Youth

January 25, 2018

Tune in to Bangladesh’s most awarded community radio

The radio is on full blast as we drive down the winding roads of north-eastern Bangladesh. News, music, discussions. As we come closer to Moulvibazar city, the young people we are travelling with turn up the volume even more. The dialect changes. Everything is suddenly in their local tongue - Sylheti.
January 3, 2018

What does self-defense mean for adolescent Rohingya girls?

When the rest of the world relates ‘self-defense’ to learning physical, martial arts skills, what does it mean for young girls from a displaced community, which also happens to be the world’s most persecuted minority? Do they realise that raising voices can be one of the most critical tools in their self-defence kits? Our social workers have begun empowering adolescent girls from the Rohingya community by creating awareness of their own agency.
December 1, 2017
BLOG Youth

How to increase the world’s GDP by 7%: Employ people with disabilities

Loss of hearing is the second most common disability in Bangladesh. People with hearing impairments make up 16% of the total disabled population.
November 26, 2017

What do safe spaces in a humanitarian crisis look like?

Deep inside the chaotic makeshift settlements of Kutupalong, Cox’s Bazar, is a spacious, shaded, colourful place. A bamboo structure with handmade decorations hanging from the walls. Curious onlookers gather outside the thatched windows, attracted by the rhythm.
October 19, 2017

Five ways we can futureproof education in Bangladesh

A total of 47 Bangladeshi development organisations, edupreneurs, social innovators and accelerator programmes joined BRAC's social innovation lab for an intense 90-minute sprint, this September. We brainstormed on how our education system can work for our future, and how we can solve  the existing roadblocks.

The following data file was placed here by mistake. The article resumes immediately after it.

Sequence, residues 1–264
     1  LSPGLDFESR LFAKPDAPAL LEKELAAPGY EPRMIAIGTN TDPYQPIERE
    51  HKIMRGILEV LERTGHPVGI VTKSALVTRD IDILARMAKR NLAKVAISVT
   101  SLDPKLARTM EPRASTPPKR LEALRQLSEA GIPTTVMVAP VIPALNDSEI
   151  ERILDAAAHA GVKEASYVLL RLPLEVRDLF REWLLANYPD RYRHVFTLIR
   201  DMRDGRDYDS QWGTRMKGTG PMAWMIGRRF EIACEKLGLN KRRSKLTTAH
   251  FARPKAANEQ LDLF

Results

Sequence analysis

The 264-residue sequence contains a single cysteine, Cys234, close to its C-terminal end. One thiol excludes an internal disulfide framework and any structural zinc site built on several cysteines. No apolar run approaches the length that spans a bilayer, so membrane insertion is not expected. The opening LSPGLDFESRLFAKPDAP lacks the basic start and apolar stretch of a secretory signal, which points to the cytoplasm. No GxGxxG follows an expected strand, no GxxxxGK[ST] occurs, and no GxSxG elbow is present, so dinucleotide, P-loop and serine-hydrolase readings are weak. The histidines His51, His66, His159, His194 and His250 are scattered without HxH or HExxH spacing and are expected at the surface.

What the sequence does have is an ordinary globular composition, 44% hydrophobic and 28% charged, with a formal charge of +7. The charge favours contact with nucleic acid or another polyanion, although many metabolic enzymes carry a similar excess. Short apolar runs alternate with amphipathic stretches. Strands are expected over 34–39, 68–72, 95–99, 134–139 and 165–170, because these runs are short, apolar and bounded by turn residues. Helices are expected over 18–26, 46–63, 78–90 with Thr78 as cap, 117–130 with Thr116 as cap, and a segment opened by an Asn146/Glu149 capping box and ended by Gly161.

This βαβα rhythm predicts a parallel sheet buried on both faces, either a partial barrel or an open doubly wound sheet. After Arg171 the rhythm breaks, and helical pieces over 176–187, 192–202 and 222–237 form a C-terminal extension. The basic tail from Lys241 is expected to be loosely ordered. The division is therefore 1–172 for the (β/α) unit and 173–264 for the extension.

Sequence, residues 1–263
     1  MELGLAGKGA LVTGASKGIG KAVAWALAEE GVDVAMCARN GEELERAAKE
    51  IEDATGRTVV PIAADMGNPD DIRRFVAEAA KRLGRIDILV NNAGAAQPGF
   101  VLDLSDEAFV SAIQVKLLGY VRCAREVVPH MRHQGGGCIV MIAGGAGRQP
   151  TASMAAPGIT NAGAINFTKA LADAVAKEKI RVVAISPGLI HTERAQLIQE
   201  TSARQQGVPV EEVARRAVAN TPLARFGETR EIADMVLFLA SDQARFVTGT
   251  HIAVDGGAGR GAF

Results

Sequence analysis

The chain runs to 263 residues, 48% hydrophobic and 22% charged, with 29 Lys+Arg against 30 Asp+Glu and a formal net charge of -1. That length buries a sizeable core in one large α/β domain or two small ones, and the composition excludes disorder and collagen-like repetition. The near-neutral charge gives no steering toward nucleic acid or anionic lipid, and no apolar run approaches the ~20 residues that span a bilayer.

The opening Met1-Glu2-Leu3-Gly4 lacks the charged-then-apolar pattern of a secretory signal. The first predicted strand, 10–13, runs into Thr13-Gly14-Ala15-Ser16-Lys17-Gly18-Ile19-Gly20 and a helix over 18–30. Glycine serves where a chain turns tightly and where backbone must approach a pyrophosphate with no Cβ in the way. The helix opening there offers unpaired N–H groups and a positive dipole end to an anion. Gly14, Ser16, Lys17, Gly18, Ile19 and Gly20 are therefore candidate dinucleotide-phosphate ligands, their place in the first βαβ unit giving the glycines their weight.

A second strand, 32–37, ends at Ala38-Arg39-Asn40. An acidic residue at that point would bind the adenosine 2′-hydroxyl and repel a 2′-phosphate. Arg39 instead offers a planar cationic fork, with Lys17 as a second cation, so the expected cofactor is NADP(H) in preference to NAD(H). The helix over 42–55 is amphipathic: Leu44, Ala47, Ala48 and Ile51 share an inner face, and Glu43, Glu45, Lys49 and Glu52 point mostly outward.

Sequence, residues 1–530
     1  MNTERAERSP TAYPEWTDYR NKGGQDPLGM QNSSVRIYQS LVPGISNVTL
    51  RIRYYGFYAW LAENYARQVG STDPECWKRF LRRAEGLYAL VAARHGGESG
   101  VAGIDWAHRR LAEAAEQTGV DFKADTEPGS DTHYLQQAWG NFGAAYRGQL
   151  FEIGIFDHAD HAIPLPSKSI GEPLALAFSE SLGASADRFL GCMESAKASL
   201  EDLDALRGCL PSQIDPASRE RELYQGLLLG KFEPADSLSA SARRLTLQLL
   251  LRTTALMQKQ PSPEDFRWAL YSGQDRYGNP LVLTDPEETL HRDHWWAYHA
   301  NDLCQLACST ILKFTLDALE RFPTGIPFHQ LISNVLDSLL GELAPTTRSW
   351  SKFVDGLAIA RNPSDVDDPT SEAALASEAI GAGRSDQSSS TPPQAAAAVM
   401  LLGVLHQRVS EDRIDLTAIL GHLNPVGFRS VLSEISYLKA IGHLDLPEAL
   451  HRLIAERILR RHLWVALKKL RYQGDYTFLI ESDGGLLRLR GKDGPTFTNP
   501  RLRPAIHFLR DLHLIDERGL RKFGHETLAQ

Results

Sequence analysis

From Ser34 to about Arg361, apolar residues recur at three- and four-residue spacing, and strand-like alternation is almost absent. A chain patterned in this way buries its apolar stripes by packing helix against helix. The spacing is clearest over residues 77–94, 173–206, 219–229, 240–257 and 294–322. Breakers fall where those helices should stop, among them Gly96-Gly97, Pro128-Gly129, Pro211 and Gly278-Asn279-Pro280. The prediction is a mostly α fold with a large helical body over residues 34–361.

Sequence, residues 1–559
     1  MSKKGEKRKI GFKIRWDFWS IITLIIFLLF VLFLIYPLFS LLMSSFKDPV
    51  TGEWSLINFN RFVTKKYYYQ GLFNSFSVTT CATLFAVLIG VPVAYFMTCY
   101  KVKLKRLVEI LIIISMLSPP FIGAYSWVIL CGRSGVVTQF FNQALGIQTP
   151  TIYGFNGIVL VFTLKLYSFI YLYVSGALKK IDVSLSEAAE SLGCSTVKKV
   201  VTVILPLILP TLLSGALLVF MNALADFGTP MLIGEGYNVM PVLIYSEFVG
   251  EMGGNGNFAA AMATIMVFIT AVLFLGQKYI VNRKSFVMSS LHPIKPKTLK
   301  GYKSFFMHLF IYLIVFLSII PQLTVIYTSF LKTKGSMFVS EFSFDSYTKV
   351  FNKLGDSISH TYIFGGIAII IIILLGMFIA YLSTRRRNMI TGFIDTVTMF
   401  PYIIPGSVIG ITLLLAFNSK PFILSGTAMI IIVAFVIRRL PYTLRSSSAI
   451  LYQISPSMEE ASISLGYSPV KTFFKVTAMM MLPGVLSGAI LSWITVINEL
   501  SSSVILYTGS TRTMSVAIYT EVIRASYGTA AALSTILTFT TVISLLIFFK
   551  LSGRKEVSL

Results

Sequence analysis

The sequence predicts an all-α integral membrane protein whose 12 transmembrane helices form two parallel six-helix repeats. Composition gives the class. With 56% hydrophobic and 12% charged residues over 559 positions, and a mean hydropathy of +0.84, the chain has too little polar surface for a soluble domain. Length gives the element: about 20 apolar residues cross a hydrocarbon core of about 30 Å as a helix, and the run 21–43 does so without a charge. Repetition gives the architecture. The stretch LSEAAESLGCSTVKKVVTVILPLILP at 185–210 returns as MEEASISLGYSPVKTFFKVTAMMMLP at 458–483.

July 15, 2017

Bangladeshi apprentices celebrated in London

Brishty Akhter, 18, is a skilled tailor who owns a business where she trains and employs other girls in southern Bangladesh. She started learning tailoring at 16 and then her parents used the money that they had saved for her marriage to buy her the business.
March 7, 2017

Kicking it like a girl

You may have read the news today. A teenager was harassed on her way back from school. A housewife, raped and murdered. Just the other day, you read about the rape of an eight-month-old baby. Do these stories bother you? Or did you fold up the newspaper and sigh in relief thinking, “At least my daughter is safe.”
October 11, 2016

Korail slum’s karate queens

Today is International Day of the Girl Child, and the karate girls of Korail in Bangladesh are screaming – as they are most days.
April 20, 2016

How do we empower the next generation of girls? With girls.

When Sa’a jumped from the moving truck, she wasn’t thinking about her education that had just been cut short. She was fleeing for her life.
March 13, 2016

Girls in BRAC Uganda’s girl clubs 72% more likely to be earning

Jazirah Namukose, 18, left school feeling the sting of rejection. Classmates discriminated against her because of her disability- a clubfoot. But her life changed when she started going to the Kikaaya girls’ club in northern Kampala, Uganda. She gained skills and the confidence to start her own business- and found friends who didn’t treat her differently because of her disability.
March 8, 2016
The skilled girl effect

The skilled girl effect: Worth more than the US and Chinese economies put together

An hour away in the rural town of Tongi, Mahmuda Akhter, 16, sits in a mobile phone servicing shop in the main market. A stressed looking customer rushes in with his phone. Holding a small screwdriver, Mahmuda pries open the cover of his mobile and diagnoses the problem.
February 1, 2016

Can students themselves fight the water crisis in rural schools?

A few months ago, Thaingkhali High School in south-eastern Bangladesh had neither safe water supply nor adequate facilities for handwashing. Without safe water in the school premises during the dry season, students felt dehydrated, becoming sleepy and unable to concentrate during lessons.